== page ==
The heart is responsible for transporting oxygen and nutrients to all tissues in the body, and it performs this function through the coordinated contraction of muscle cells. When coordination of these contractions occurs, the heart fibrillates, or stops beating. The systems of specialized cells that are responsible for this coordination are the cardiac conducting network, commonly referred to as the Purkinje network. These specialized muscle cells rapidly conduct signals to contract, so that the heart tissue at the base of the heart contracts at nearly the same time as tissue at the apex of the heart. Although we have known about these specialized cells for over a hundred years, the only way we are currently able to see them is if we remove the heart, and examine pieces of it under light microscopy. These current techniques are labor intensive, and result in destruction of tissue. We have developed a non-invasive means to determine the anatomical location of these specialized cells using magnetic resonance microscopy and diffusion imaging. Using magnets at the National High Field Magnet Laboratory in Gainesville, Florida, we have obtained the highest resolution MR images to date of myocardial tissue (7um isotropic resolution), and performed diffusion imaging at resolutions down to 40um. We are able to visualize the atrial-ventricular node, conducting bundle, left and right bundle branches, and subsequent fibers that extend down the ventricular septum of the heart and into the ventricular cavities (as free-running Purkinje fibers). We propose to further improve our ability to discriminate these fibers from cardiac muscle cells, and to construct atlases of the conduction network to aid in future modeling. We will also compare the anatomy of this network in both male and female young adults, since the incidence of sudden cardiac death is dramatically different between the genders at this age.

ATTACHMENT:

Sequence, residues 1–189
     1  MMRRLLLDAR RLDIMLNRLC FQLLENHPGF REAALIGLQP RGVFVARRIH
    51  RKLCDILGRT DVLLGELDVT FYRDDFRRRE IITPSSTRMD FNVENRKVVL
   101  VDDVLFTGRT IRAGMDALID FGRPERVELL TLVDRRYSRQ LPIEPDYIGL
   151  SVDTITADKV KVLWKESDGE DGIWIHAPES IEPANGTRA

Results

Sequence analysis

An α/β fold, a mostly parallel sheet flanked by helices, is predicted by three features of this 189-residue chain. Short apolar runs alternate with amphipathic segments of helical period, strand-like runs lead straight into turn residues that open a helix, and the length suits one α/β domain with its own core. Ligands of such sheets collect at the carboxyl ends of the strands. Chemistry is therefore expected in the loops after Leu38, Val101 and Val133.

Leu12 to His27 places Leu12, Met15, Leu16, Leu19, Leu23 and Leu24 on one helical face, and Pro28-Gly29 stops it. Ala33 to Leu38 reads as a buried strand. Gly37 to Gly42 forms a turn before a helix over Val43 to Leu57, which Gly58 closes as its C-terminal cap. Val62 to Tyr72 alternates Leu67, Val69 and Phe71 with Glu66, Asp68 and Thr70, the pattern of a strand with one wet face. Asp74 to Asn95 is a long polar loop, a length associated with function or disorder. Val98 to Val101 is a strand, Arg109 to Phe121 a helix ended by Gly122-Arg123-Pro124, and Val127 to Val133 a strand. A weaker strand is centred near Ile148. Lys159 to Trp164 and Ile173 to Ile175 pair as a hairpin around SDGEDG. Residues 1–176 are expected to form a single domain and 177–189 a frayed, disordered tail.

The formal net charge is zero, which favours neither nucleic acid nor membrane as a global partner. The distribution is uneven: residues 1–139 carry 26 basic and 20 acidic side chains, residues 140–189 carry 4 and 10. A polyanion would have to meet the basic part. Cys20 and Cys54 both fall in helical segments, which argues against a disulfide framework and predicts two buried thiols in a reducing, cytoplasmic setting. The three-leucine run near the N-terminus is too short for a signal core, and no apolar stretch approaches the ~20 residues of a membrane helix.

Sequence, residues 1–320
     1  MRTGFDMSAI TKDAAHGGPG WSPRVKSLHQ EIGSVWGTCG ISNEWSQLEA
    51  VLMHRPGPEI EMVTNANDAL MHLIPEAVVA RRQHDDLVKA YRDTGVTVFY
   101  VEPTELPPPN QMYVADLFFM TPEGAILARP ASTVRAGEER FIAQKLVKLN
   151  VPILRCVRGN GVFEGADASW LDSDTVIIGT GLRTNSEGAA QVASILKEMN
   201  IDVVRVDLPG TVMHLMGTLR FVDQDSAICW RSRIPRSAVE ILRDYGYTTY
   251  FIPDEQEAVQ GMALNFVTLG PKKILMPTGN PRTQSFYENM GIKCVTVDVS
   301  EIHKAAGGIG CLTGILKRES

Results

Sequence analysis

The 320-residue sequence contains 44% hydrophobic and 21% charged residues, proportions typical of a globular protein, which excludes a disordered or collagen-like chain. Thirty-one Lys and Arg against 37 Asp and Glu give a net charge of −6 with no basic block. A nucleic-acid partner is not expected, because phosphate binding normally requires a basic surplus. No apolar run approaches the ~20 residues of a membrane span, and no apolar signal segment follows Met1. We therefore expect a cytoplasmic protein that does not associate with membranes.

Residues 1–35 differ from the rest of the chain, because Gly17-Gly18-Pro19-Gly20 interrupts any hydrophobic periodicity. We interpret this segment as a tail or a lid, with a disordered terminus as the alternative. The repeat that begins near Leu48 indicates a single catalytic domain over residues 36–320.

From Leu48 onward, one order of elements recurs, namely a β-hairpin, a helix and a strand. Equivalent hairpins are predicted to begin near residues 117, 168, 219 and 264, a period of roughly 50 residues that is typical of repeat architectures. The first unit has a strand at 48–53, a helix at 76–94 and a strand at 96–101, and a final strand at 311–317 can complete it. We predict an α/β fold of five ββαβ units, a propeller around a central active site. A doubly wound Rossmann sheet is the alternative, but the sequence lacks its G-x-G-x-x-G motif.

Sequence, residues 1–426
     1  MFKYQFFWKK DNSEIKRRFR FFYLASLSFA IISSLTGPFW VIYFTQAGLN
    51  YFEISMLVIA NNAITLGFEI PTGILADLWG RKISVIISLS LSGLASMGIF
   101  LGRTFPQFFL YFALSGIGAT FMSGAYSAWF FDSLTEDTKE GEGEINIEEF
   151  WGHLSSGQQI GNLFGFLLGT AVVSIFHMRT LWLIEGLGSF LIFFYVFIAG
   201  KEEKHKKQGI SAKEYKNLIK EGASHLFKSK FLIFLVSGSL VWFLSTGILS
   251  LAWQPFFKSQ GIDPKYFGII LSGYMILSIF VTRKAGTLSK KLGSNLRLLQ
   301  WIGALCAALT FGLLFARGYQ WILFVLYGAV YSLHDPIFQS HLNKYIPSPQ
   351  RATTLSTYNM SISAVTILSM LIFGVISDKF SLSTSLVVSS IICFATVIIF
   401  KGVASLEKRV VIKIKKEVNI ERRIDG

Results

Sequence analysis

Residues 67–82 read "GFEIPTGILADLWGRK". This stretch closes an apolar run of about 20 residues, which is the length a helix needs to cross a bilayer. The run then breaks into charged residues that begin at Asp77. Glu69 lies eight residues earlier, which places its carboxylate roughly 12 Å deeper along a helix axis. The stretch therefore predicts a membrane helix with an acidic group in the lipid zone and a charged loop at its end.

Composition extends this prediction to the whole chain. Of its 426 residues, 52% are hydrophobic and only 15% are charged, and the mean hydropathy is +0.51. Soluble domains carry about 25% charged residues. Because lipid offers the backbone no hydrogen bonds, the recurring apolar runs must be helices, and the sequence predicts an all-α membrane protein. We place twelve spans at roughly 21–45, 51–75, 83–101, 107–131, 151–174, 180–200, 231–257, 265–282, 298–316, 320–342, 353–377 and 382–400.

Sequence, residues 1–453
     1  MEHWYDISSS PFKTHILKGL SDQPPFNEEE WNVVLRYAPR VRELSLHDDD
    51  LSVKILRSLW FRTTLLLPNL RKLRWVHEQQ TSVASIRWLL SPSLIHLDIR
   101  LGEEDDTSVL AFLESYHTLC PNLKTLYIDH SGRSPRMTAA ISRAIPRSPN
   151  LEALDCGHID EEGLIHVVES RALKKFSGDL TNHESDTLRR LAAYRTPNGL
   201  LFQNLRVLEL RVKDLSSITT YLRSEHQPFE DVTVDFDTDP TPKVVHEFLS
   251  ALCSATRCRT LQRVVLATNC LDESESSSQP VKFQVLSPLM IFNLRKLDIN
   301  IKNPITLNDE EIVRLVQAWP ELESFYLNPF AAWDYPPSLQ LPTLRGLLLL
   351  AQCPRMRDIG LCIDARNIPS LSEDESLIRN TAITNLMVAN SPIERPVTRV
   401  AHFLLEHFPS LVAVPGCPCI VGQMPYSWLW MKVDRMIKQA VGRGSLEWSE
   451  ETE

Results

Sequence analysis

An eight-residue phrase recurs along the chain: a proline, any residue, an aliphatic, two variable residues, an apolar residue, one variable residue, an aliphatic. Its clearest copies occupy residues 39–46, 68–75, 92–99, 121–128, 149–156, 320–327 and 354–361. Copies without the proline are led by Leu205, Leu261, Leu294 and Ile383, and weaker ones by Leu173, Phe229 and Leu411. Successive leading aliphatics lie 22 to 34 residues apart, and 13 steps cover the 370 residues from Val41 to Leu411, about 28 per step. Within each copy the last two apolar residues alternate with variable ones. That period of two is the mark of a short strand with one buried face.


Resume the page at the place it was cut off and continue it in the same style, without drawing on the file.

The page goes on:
The heart relies on specialized cardiac muscle cells that conduct electrical impulses faster than normal cardiac muscle cells, and allow the entire heart to contract at almost the same time. We will develop, for the first time, the non-invasive techniques to visualize these cells (using magnetic resonance microscopy and diffusion) and generate atlases of the entire cardiac conduction network. These studies facilitate accurate modeling of cardiac conduction, and will benefit people with cardiac arrhythmias and congenital heart defects, and will permit new investigations into heart disease.